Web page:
Boitumelo and her mentor discuss things that commonly affect women in the workplace, career prospects and opportunities but also tackle things that affect one on a personal level. These chats take place over lunch, a cup of coffee or any casual setting that makes the conversation comfortable for both parties.
This is how Boitumelo and Sihle do it, even though they do admit that getting together often can be difficult given they both have very busy schedules, Boitumelo advises that a quarterly “hook up” is vital to keep the relationship going while keeping communication via text and email open, regularly or should the need arise; her mentor agrees.
If you are trying to figure out where you and your mentor can meet and chat, try and avoid office spaces, Sihle advises. The office set up can limit and restrict conversation and one can rarely think outside of the box.
Sihle also believes that a place that is not too noisy is more ideal, so maybe the club or local chesa nyama on a Friday night is not the ideal situation here.
Paying it forward
“Pay it forward” is an expression for describing the beneficiary of a good deed, by repaying it to others instead of the original benefactor. I personally love this concept and think that the world would be a better place, if we all lived according to it. Boitumelo realised this too and is more than keen to mentor a young person should the opportunity present itself.
The mentor to mentee ratio usually sits at 1:1, for a completely beneficial relationship to be maintained. As a mentor, Sihle has capped it at having two mentees so that she does not stretch herself too thin and avail herself to both ladies fairly.
In recent times, the idea of group mentorship is picking up. There is evidence that group mentoring programs can be effective in fostering at least short-term improvements in a broad range of youth outcomes, including those in the behavioural, academic, emotional, and attitudinal/motivational domains. However, no sufficient research tells us what beneficial effects there are for the long term group mentorship, so I think it’s safe to keep it at one on one.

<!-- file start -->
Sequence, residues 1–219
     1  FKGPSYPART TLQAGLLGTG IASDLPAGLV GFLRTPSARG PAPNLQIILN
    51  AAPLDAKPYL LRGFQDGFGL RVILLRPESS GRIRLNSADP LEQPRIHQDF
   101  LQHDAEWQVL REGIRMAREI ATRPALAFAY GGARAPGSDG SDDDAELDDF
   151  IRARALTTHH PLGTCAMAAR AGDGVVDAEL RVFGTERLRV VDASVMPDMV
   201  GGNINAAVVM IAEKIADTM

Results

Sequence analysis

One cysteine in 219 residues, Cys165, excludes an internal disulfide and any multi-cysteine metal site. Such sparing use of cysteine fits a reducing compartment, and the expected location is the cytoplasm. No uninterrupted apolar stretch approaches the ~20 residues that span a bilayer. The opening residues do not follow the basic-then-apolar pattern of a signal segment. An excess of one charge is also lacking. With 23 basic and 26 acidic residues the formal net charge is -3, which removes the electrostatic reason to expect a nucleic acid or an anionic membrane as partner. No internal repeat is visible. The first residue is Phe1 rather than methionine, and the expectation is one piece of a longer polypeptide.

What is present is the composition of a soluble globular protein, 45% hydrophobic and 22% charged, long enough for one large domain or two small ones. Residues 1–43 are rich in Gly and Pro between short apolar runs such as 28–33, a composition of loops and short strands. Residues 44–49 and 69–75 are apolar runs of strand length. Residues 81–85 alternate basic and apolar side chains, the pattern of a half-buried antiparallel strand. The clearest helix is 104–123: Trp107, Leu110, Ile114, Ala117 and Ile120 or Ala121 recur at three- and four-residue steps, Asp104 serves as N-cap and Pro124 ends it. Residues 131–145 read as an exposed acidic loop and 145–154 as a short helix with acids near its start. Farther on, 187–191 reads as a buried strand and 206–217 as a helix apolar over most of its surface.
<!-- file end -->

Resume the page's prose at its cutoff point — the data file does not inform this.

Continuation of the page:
I am yet to establish a relationship with someone that is a mentor. I just had no idea how to begin to find one or even approach one. The fear of being rejected is constant and that could possibly be the reason why it has not yet happened. I have however seen the benefits of having someone give you objective advice. Advice that is not emotionally driven and needing one to be emotionally intelligent plays a big role in building a career.
What remain important in establishing the mentor-mentee relationship is making sure you are committed and extracting the relevant information from the mentor as a mentee.
Sihle advises that you ask your mentor about how they got to where they are? What are some of the challenges and successes have they achieved through their journey so you can take some learnings from that.
“People generally have the perception that the people that have “made it” got there overnight. Nothing worth having comes easy and if you want to keep longer, it’s blood, sweat and tears… and also losing friends along the way.” She adds.
Boitumelo and Sihle have helped me understand the mentor-mentee relationship so much better. I asked each of them what they valued most one another and this is what they both had to say:
“She’s very clear about her career and how she wants to get there. She’s also very realistic about her expectations and knows the value of starting at the bottom and working her way to the top.” – Sihle
“The greatest thing I treasure about Sihle is her availability when I need advice on how to deal with a challenge or opportunity, she’s always there to provide the soundest advice. When I’m preparing for an interview or a review, I reach out to her as the final stage of my preparation, her input always has an impact. It’s awesome to have someone in a different work environment who can advise you, that way it’s can be as objective as possible. She’s encouraged me when I was feeling low and discouraged. She’s great support for me too.” – Boitumelo
Talk about creating and maintaining valuable relationships.
What do you love most about your mentor or mentee?